Today is Friday, Nov. 26, the 330th day of 2021. There are 35 days left in the year.
Birthdays: Impressionist Rich Little is 83. Singer Tina Turner is 82. Singer Jean Terrell is 77. Pop musician John McVie is 76. Actor Marianne Muellerleile is 73. Actor Scott Jacoby is 65. Actor Jamie Rose is 62. Country singer Linda Davis is 59. Actor Scott Adsit is 56. Blues singer-musician Bernard Allison is 56. Country singer-musician Steve Grisaffe is 56. Actor Kristin Bauer is 55. DJ/record label executive DJ Khaled is 46. Rock musician Ben Wysocki (The Fray) is 37. MLB All-Star Matt Carpenter is 36. Actor-singer-TV personality Rita Ora is 31.
In 1825, the first college social fraternity, the Kappa Alpha Society, was formed at Union College in Schenectady, New York.
In 1864, English mathematician and writer Charles Dodgson presented a handwritten and illustrated manuscript, “Alice’s Adventures Under Ground,” to his 12-year-old friend Alice Pleasance Liddell; the book was later turned into “Alice’s Adventures in Wonderland,” published under Dodgson’s pen name, Lewis Carroll.
In 1883, former slave and abolitionist Sojourner Truth died in Battle Creek, Michigan.
In 1917, the National Hockey League was founded in Montreal, succeeding the National Hockey Association.
In 1933, a judge in New York ruled the James Joyce book “Ulysses” was not obscene and could be published in the United States.
In 1941, US Secretary of State Cordell Hull delivered a note to Japan’s ambassador to the United States, Kichisaburo Nomura, setting forth US demands for “lasting and extensive peace throughout the Pacific area.” The same day, a Japanese naval task force consisting of six aircraft carriers left the Kuril Islands, headed toward Hawaii.
In 1943, during World War II, the HMT Rohna, a British transport ship carrying American soldiers, was hit by a German missile off Algeria; 1,138 men were killed.
In 1950, China entered the Korean War, launching a counteroffensive against soldiers from the United Nations, the US, and South Korea.
In 1973, President Richard Nixon’s personal secretary, Rose Mary Woods, told a federal court that she’d accidentally caused part of the 18-1/2-minute gap in a key Watergate tape.
In 1986, President Ronald Reagan appointed a commission headed by former Senator John Tower to investigate his National Security Council staff in the wake of the Iran-Contra affair.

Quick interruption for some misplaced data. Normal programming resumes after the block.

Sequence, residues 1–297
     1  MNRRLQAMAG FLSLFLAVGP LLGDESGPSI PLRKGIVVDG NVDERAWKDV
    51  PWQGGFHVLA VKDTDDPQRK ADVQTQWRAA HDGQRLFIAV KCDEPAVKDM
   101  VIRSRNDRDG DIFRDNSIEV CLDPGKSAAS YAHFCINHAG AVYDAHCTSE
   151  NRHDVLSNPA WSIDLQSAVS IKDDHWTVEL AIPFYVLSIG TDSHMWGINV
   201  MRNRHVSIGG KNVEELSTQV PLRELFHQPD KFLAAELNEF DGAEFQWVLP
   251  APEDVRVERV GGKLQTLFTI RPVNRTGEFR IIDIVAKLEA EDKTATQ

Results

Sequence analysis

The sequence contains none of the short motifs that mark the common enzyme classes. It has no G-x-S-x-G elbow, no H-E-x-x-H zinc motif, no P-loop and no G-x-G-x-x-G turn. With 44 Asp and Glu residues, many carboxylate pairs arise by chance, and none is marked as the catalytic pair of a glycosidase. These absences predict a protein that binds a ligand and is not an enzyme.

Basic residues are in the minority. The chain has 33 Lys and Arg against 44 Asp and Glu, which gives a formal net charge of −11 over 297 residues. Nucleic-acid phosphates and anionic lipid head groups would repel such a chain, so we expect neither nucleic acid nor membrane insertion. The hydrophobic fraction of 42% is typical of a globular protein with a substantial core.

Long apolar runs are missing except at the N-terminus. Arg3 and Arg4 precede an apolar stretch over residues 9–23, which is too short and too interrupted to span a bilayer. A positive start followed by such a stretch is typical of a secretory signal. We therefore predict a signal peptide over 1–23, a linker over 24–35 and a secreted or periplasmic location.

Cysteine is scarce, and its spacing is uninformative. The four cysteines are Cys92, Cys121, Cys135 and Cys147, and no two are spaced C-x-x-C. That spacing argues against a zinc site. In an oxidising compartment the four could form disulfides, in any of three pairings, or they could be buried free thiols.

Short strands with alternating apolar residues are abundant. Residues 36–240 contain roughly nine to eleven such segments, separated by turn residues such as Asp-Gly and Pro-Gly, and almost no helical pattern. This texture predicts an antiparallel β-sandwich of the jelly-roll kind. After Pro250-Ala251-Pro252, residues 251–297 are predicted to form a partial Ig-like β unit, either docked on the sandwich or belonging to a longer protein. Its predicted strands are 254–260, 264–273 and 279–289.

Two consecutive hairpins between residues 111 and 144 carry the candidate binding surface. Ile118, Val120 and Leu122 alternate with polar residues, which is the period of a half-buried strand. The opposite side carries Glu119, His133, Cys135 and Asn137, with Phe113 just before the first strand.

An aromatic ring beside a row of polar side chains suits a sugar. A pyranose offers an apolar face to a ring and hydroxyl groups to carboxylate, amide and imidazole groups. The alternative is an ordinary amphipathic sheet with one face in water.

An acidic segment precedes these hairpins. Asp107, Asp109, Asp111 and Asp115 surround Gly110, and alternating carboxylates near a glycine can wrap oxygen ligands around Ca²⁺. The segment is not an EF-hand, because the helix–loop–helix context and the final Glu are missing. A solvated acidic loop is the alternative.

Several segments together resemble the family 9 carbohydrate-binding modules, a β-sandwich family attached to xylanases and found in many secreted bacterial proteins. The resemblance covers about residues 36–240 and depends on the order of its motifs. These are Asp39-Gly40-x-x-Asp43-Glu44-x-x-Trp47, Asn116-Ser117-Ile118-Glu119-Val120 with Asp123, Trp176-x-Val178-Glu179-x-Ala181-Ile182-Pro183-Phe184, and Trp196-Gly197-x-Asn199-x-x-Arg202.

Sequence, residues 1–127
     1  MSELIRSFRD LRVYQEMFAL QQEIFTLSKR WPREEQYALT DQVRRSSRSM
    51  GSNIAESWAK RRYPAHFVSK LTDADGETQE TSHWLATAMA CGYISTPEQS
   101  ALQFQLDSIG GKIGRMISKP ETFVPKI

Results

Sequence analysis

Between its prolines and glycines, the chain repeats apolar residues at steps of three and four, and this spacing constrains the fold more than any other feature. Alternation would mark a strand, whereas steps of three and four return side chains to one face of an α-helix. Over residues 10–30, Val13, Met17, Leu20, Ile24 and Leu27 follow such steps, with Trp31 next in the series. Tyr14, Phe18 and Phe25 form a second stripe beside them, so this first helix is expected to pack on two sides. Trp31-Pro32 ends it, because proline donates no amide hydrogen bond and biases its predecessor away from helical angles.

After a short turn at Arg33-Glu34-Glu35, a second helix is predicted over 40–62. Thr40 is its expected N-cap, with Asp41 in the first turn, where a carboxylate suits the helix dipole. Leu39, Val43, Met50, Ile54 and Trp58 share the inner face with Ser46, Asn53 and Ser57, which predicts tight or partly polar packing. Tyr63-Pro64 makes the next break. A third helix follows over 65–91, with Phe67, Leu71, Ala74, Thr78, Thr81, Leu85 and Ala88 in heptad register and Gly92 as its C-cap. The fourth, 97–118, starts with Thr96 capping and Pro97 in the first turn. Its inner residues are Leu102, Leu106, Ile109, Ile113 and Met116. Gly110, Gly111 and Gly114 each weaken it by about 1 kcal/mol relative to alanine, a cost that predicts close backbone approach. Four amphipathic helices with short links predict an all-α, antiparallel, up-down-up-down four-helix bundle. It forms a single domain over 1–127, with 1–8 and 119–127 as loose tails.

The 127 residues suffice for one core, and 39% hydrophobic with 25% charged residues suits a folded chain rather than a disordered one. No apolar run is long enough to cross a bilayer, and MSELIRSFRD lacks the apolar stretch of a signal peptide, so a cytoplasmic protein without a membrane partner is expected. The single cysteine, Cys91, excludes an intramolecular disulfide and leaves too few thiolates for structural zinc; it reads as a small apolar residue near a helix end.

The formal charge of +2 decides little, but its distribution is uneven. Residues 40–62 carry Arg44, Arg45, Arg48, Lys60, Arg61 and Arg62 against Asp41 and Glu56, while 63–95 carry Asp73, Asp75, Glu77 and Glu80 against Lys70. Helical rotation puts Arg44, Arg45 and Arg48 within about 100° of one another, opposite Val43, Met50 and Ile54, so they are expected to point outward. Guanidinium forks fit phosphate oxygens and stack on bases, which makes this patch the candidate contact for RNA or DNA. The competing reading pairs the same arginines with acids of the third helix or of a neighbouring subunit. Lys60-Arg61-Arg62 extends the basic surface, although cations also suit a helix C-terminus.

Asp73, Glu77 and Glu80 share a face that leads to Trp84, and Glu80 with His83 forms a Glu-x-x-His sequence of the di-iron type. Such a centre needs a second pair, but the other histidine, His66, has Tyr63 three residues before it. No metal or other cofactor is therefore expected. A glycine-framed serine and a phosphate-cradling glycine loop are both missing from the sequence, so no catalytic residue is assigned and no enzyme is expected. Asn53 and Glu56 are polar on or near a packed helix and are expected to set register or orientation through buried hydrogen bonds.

In 1990, Japanese business giant Matsushita Electric Industrial Co. agreed to acquire MCA Corp., owner of Universal Studios, for $6.6 billion.
In 2000, Florida Secretary of State Katherine Harris certified George W. Bush the winner over Al Gore in the state’s presidential balloting by a 537-vote margin.
In 2008, teams of heavily armed Pakistani gunmen stormed luxury hotels, a popular tourist attraction, and a crowded train station in Mumbai, India, leaving at least 166 people dead in a rampage lasting some 60 hours.
In 2011, in a friendly-fire incident that further strained relations between the United States and Pakistan, US forces launched airstrikes that mistakenly killed 24 Pakistani troops at two posts along the Afghan border. NASA’s Curiosity rover blasted off from the Kennedy Space Center on an 8 1/2-month, 354 million-mile journey to Mars (it arrived in August 2012). NBA players and owners reached a tentative agreement to end a 149-day lockout.
In 2016, Cuba said it would observe nine days of mourning for Fidel Castro, including a three-day journey by his ashes along the route taken by the rebel army he’d led on a victorious march across the island in 1959. Tony Award-winning character actor Fritz Weaver died in New York at age 90.
In 2020, taking questions from reporters for the first time since the election, President Donald Trump acknowledged that he would leave the White House if Democrat Joe Biden’s win was affirmed by the Electoral College; Trump also unleashed another round of complaints about the vote. Americans marked the Thanksgiving holiday amid the coronavirus pandemic, with many celebrations canceled or reduced; Zoom and FaceTime calls connected some families with those who didn’t want to travel. With public health officials begging Americans not to travel, the Macy’s Thanksgiving Day Parade was scaled back and aimed at a television audience instead of live crowds.